The case for strategy and planning: Part 2 – Good strategy makes a difference
Updated: Sep 21, 2020
Last time I talked about how recent statistics for internal communications practitioners showed a big deficiency in the areas of strategy and planning, and could be holding them back from getting the resources and support they needed.
For me, an internal communications strategy isn’t a luxury, it’s the most essential part of IC practice. Unfortunately, though, I’ve often heard it referred to as “just a load of words on a page”, “a waste of time thinking about how to do things” and “a dust gatherer”. My take on this is an experience of strategy that was not fit for purpose and may have been used incorrectly.
In the right hands, a good strategy should provide clarity of direction and purpose, inform decisions around plans and actions and demonstrate how you will achieve your objective over the longer term. I have found there can be many immediate benefits for both the organisation and IC function when developing a good internal communications strategy:
A chance to assess and take stock
How often do we really do this properly? When developing a strategy, it is crucial to ensure that you understand the current context you are operating in. This can be done through analysing data and research (both internal and external), delving into your organisation's strategy in more detail, better understanding the strategies of complementary functions (e.g. HR), and assessing your own function through something like a SWOT analysis. Creating your strategy can really be a great opportunity to question the status quo or test assumptions that may be taken for granted.
Defining purpose and responsibilities
Once you have a better understanding of the context, you should be able to better define the purpose of internal communications within your organisation, in terms of what role it fulfils and the value it will deliver. You should also be able to identify the primary areas of ownership and responsibility for internal communications, and be able to explain these to others. A purpose is especially beneficial when trying to prioritise heavy or varied workloads, often with limited resources.
Gaining agreement and support
For me this is perhaps one of the most important reasons to have a strategy. By putting something down on paper, you have something that can be shared with others in order to gain buy in for what you are trying to achieve. It invites discussion, and provides an opportunity for any misunderstandings or disagreements to be aired. Furthermore, once agreed, it becomes a tangible reference point later on, particularly when plans are being thrown to the wind. A strategy that has been developed in a calm, objective and reasoned way can be a lifeline during times of chaos, providing a point of stability to help everyone to take a more considered perspective once again.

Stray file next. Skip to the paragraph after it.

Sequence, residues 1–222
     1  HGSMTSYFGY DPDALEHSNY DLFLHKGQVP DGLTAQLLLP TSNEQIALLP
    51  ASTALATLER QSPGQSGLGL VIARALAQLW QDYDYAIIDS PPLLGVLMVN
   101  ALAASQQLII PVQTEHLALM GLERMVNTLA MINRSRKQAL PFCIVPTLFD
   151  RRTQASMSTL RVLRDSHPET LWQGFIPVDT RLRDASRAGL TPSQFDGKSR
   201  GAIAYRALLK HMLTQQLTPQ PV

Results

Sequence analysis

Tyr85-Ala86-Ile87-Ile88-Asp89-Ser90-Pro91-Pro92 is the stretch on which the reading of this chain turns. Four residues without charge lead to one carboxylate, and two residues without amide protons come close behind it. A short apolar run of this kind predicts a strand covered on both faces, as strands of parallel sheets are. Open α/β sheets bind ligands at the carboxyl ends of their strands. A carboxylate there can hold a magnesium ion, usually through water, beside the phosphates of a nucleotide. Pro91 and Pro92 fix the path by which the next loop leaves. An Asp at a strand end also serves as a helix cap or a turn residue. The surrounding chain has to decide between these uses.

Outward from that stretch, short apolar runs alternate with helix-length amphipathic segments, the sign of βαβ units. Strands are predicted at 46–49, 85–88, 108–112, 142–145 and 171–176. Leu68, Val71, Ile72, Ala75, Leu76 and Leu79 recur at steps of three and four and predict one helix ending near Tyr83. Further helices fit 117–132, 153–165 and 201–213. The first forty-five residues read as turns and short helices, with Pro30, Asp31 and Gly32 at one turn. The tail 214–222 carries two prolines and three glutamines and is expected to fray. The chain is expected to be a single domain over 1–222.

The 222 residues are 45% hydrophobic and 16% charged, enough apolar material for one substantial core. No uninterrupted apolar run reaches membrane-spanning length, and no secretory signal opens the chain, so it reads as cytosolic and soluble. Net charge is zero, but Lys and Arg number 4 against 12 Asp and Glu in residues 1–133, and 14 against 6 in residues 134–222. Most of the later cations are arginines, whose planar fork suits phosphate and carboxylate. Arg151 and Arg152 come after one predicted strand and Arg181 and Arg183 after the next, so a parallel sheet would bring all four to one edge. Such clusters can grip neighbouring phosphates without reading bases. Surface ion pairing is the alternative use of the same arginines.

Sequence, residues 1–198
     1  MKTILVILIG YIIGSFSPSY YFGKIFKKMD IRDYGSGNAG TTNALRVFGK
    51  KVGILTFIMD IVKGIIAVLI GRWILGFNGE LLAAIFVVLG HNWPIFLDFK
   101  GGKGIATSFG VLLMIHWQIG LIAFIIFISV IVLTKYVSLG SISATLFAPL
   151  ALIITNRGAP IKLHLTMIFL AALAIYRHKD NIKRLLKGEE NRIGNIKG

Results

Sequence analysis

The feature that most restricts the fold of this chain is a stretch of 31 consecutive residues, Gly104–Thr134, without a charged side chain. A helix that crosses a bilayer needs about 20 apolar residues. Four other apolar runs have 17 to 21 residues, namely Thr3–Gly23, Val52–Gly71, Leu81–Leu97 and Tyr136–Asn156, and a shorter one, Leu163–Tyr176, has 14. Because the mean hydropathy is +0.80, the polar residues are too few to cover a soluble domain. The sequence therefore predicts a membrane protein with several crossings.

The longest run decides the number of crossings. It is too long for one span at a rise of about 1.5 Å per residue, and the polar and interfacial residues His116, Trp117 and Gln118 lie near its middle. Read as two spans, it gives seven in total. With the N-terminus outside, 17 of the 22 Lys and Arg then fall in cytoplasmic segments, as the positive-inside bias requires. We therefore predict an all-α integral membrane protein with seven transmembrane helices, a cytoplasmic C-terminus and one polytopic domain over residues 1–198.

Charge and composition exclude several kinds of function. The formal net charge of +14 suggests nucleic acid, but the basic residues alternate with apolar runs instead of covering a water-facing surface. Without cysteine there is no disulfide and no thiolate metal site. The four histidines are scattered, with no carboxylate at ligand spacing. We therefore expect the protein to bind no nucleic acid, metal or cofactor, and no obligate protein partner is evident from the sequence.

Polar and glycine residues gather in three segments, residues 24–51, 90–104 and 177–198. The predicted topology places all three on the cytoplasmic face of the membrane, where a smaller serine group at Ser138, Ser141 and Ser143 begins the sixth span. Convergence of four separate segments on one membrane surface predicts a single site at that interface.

Identifying priorities and making the best decisions
The clarity that developing a strategy brings should reveal the priorities for an internal communications function (hint: they are usually those most closely and obviously aligned to the business strategy). It is also the best basis for making decisions in the future, as it will focus you on the areas that are most important for the achievement of your aims.
Monitoring progress and ensuring you are staying on track
Your strategy should be your guiding star and, even if you have to make a small detour occasionally, it should prevent short term distractions from knocking you off course to achieving your longer term objectives. Make a note to review your strategy at half yearly or annual intervals in order to ensure your plans and activities are still aligned. If priorities have fallen by the wayside, question why that might be and what needs to happen to get back on track. Sometimes it may be necessary to revise your strategy slightly if there has been a huge change in the organisation, but overall your strategy should remain consistent towards a longer term goal.
Through all of these, a strategy provides an internal communications team not only with a justification for their prioritisation, activities or even very existence, but also something they can use to build and maintain support for their objectives. By continually referring back to it, in both action and words, it becomes part of the dialogue of your business and through this (as all communicators well know) understanding and engagement can be achieved.
In the next blog I’ll talk about how you ensure you have the right plan to deliver your strategy. To receive alerts for when new blog posts are released, please provide your details below, or follow us on Twitter or LinkedIn.